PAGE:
• Another good reason to eat a salad is that leafy greens oxygenate the blood. They’re an excellent antidote to dehydration. Try to get a variety of greens in your salad. I know that airports can make this hard but you can find them. Of all places, the Irish pub at Chicago O’Hare’s American Airlines terminal has one and it saved me on my last trip to the UK. Eat the salad dressing to help absorb the micronutrients on the lettuce. Iceberg letter is the lowest on the nutritional totem pole, romaine is better. Best of all is a mixed greens variety. You might even find spinach. If anyone out there knows of an airport restaurant that offers a kale salad, let me know so I can send them a virtual hug.
• Choose a meal that is high in fiber with lots of veggies and whole grains. Keeping everything moving and regular will ease the bloat… So, if there’s a Mexican eatery in the terminal, a side of black beans and a corn tortilla will be a good option.
• Stock up on fruits that have a high water content, such as apples and melons. You can get containers of chopped fresh fruit at most airports now. The quality of water in fruit is the best there is. It’s better than any spring water or alkaline water you’ll buy.
• Drink plenty of water with your meal and take your own liter bottle on board. You should never drink anything but bottled water, no ice, on planes. Don’t rely on inflight service to bring you as much as you really need unless you’re in First Class.
• Drink hot water with lemon. This is my other favorite trick. I start my day with it and sometimes drink it all day long. It stimulates the digestion and helps the liver detox. The steam from it moistens dry sinuses. You can have a mini facial while you fly!
To balance all of this, I’m afraid there is a list of things to avoid.
• I’ve already mentioned the salty nuts and snacks which mess with cellular water content.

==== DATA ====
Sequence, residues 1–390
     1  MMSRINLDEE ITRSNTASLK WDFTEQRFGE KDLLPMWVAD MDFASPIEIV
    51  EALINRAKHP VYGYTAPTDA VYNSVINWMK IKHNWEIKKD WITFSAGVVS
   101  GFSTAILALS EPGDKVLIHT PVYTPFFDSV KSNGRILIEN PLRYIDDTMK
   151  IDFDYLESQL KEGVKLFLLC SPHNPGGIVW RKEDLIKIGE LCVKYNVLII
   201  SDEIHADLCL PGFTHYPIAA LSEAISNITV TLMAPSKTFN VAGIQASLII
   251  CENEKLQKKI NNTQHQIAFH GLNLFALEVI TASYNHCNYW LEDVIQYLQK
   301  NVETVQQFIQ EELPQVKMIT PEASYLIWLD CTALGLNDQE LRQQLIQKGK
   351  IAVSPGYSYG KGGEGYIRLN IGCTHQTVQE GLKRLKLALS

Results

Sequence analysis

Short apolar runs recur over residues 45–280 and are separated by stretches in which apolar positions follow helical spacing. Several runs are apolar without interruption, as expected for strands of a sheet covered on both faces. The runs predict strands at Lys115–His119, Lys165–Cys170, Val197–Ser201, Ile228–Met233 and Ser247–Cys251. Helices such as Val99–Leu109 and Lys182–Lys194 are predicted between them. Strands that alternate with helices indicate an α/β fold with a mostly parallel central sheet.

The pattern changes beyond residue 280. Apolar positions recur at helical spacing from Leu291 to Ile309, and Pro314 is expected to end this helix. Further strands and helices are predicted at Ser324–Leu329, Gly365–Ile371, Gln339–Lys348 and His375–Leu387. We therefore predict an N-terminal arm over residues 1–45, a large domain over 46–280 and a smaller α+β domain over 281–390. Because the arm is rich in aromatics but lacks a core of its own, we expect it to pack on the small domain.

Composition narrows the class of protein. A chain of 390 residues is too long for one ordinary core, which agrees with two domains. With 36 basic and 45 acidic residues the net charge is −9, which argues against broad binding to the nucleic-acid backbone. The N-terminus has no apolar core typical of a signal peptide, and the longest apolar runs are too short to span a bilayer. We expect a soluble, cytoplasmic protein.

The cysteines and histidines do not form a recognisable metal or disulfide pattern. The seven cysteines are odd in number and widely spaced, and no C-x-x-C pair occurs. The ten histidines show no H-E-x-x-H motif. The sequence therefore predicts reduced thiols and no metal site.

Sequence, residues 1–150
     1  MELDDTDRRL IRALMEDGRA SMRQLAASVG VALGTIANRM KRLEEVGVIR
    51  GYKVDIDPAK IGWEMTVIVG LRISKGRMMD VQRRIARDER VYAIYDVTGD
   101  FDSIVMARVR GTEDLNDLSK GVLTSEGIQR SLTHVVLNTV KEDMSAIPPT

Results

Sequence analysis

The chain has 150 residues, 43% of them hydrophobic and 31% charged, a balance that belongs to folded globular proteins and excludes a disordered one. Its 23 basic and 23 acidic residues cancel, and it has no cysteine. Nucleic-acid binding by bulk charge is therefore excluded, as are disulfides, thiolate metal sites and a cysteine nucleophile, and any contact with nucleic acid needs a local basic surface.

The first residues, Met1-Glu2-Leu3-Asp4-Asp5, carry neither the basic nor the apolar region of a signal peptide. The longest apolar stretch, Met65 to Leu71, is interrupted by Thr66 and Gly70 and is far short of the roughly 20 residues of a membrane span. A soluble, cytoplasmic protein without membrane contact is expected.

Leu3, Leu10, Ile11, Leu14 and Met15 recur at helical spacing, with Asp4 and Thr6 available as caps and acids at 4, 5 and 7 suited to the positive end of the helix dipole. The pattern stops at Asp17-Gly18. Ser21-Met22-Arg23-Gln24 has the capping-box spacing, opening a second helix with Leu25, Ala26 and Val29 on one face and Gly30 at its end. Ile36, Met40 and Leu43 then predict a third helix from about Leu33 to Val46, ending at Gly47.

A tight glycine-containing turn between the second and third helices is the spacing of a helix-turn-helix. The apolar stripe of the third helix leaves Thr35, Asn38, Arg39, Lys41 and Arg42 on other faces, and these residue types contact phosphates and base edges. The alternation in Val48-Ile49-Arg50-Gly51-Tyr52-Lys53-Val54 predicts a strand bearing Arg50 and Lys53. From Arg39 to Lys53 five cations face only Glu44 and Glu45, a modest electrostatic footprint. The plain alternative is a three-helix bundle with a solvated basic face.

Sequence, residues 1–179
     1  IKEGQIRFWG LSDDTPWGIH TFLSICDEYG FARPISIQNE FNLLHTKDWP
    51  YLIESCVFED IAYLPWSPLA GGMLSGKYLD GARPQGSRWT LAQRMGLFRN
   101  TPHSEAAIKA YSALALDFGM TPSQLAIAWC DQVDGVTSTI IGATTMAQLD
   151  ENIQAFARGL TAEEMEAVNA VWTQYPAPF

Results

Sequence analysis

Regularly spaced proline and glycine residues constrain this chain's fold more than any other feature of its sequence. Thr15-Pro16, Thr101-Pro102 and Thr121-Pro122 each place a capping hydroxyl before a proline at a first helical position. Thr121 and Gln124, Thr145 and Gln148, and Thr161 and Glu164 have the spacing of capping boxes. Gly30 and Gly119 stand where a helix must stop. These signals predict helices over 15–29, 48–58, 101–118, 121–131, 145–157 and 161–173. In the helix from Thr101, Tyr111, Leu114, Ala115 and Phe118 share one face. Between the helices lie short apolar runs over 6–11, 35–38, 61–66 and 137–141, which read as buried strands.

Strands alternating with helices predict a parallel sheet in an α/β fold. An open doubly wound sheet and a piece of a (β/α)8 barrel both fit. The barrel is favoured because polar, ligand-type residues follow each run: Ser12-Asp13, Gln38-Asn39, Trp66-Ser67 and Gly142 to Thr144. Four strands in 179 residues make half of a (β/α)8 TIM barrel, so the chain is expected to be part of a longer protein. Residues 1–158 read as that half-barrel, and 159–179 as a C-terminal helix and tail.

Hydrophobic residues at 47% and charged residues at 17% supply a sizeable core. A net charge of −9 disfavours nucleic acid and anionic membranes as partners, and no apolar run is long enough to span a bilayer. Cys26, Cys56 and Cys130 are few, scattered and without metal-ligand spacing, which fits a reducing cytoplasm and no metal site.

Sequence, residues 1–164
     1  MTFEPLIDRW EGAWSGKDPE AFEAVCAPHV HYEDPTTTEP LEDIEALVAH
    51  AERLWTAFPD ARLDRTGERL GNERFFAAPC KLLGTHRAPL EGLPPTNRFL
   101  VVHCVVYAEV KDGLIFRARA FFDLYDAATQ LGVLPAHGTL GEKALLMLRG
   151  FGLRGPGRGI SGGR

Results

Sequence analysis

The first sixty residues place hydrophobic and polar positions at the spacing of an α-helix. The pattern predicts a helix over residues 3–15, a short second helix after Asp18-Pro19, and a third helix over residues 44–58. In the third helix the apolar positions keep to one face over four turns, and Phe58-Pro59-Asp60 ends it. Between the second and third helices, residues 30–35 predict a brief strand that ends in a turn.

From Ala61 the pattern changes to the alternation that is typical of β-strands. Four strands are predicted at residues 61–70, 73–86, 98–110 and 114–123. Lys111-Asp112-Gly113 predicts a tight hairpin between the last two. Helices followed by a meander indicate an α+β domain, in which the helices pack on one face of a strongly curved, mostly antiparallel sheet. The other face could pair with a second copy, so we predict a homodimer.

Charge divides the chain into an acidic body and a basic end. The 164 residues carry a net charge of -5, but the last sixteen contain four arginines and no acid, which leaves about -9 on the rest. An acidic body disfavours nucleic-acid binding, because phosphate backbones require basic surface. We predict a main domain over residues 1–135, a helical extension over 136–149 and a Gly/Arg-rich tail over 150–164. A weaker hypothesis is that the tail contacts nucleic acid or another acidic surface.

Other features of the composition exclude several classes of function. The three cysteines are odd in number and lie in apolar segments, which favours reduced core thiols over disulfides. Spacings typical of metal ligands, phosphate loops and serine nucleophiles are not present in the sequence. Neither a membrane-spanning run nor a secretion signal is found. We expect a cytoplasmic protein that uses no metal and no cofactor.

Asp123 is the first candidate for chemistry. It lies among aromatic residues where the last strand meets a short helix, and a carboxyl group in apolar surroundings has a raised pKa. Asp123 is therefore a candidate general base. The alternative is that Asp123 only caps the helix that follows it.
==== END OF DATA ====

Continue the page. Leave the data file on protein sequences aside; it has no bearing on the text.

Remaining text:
• Watch out for salt in drinks like tomato juice and V8.
• Caffeine, whether it is in coffee or soft drinks, will dehydrate you.
• Avoid soda and sparkling water. These can cause discomfort as gas expands in your body.
And what about alcohol? We all know the answer to this. It’s not a great idea to mix drinking and flying. I would say it’s better to have a drink with your pre-flight meal while you’re able to drink lots of water with your meal too. This will lessen the effects of dehydration, help you digest your food and relax you before your flight if you’re a nervous flyer. Just don’t overdo it.
If you do elect to drink in-flight, as I do occasionally, understand that the effects of alcohol are multiplied two to three times in the air and that the alcohol will dehydrate you. My client Bill who flies over 100,000 miles a year in first class, doesn’t touch the stuff while he’s flying, even though he’s a wine connoisseur with a valuable collection. He promises himself he can have whatever he wants when he lands. As long as he’s not on his way to a meeting, of course.
A word about jet lag and food. It’s pretty simple. The lighter you eat, the better. Overeating and drinking will contribute to the lethargy you may already feel. Plus heavy food will really slow down your digestive system which means that you’ll be zapped of energy and even more bloated. Your digestive system is already going to be dysfunctional from the time change as your body clock is so messed up. The less you can do to exacerbate this, the better.
Simple food combining can help. Eat good quality proteins such as fish and eggs earlier in the day, and save your heavier meals for the evening. This would include pasta or rice-based dishes. Of course, you’ll continue to stay hydrated with lots of water and fruits with a high-water content.
So there you have it. Give these tips a whirl next time you fly and let me know how it goes.